#6. Self-talk filled with criticism, judgment, or blame
Insecurities are a common thing, but self-criticism is not healthy or productive. Self-criticism is when we criticize ourselves for things that haven't happened yet, or for things that have already happened. Self-criticism can also be linked to anxiety, which may lead us to judge our actions in such a way that they seem out of our control.
#7. Increased sense of personal responsibility for things outside your control
Self-criticism is a strong indicator that something is amiss. If you find yourself feeling increasingly responsible for things outside of your control, it may be time to take a step back from self-criticism and examine other factors in your life that might be influencing your self-image or ability to cope with stress.
Psychological reasons for being self-critical and effects on different aspects of life
Self-criticism is a common problem that can affect many aspects of your life, such as your relationships, work, mental health, mood, and self-image. It is important to take notice of when self-criticism becomes a problem for you so that it does not negatively impact other areas of your life. Self-criticism often stems from feeling anxious about social interactions or fearing failure at school or work. To stop self-criticism from becoming an issue in your daily life, be aware of the thoughts that lead to it and learn techniques to combat them (i.e., changing negative thoughts into positive ones).
Ways to overcome self-criticism
Self-criticism is a terrible habit that can lead to anxiety if it is not dealt with properly, but there are many ways to help you stop being self-critical. One of the most common things people do is talk back to themselves in their head and argue with themselves about every little thing they do wrong or worry about all day.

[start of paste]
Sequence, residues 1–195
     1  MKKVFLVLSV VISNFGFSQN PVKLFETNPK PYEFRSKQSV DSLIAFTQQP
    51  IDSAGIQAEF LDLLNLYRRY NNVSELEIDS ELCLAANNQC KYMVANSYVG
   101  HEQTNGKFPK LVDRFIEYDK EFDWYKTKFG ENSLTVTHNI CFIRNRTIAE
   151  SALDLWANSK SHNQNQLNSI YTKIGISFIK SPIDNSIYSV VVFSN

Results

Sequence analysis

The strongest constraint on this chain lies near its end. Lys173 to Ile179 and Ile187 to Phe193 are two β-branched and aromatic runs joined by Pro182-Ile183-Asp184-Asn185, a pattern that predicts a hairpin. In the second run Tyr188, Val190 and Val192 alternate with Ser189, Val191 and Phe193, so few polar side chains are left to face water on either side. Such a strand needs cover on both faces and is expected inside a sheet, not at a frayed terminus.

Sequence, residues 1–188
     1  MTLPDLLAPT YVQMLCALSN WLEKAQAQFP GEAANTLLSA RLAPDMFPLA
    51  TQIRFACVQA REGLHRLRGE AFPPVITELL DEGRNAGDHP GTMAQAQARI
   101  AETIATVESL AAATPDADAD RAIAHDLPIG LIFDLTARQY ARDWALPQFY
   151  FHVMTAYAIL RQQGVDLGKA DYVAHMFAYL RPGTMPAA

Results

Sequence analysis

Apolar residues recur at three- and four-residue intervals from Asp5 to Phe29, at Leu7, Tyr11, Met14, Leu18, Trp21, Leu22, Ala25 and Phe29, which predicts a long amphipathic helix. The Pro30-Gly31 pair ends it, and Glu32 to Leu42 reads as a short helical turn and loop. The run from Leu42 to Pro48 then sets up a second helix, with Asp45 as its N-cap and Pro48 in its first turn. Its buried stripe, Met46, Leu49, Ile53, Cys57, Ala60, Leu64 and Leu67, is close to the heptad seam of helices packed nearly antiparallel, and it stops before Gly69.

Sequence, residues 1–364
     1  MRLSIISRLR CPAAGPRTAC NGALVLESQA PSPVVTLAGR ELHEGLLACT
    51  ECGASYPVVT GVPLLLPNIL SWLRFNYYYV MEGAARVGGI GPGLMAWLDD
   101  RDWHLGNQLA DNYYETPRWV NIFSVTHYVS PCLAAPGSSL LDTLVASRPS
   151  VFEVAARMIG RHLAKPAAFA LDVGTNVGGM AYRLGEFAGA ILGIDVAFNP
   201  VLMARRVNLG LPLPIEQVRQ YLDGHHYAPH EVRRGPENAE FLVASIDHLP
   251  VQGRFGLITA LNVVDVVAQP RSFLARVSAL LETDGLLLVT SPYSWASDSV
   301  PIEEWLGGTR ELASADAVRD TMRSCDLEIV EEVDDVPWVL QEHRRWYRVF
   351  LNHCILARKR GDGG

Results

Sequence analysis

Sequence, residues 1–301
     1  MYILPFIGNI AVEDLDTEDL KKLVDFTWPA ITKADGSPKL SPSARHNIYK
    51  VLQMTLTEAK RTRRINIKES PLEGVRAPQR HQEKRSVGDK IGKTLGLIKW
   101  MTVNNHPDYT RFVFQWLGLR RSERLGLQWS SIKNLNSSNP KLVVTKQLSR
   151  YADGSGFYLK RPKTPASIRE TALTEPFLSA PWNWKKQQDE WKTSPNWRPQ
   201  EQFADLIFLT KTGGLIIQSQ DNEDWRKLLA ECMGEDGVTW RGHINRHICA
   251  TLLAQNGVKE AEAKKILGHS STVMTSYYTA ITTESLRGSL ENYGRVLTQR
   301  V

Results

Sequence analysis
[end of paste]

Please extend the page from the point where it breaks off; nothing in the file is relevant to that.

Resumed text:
#1. Self-criticism has also been linked to mental health conditions like anxiety and depression. When self-critical thoughts start coming up, ask yourself is this true? If so, try making plans for what you need to do next time instead of beating yourself up over something that happened in the past.
#2. Self-criticism has also been linked to mental health conditions like anxiety and depression. When self-critical thoughts start coming up, ask yourself is this true? If so, try making plans for what you need to do next time instead of beating yourself up over something that happened in the past.
#3. Self-criticism isn't just bad when dealing with your own self - other people will notice it as well.
#4. Self-criticism isn't just bad when dealing with your own self - other people will notice it as well. It's important to recognize this behavior in others because it can make them feel insecure, unwanted, and even unworthy of love from others. Let them know that their feelings aren't shared by everyone else and suggest a way for them to cope better.
#5. Give yourself some credit - be more positive!
To combat self-criticism and anxiety, it's important to identify the thoughts that make us feel bad about ourselves, find evidence that contradicts those thoughts, and practice more self-compassion. Remember: our brains are hardwired for negativity; so we have to work a little bit harder to see things positively.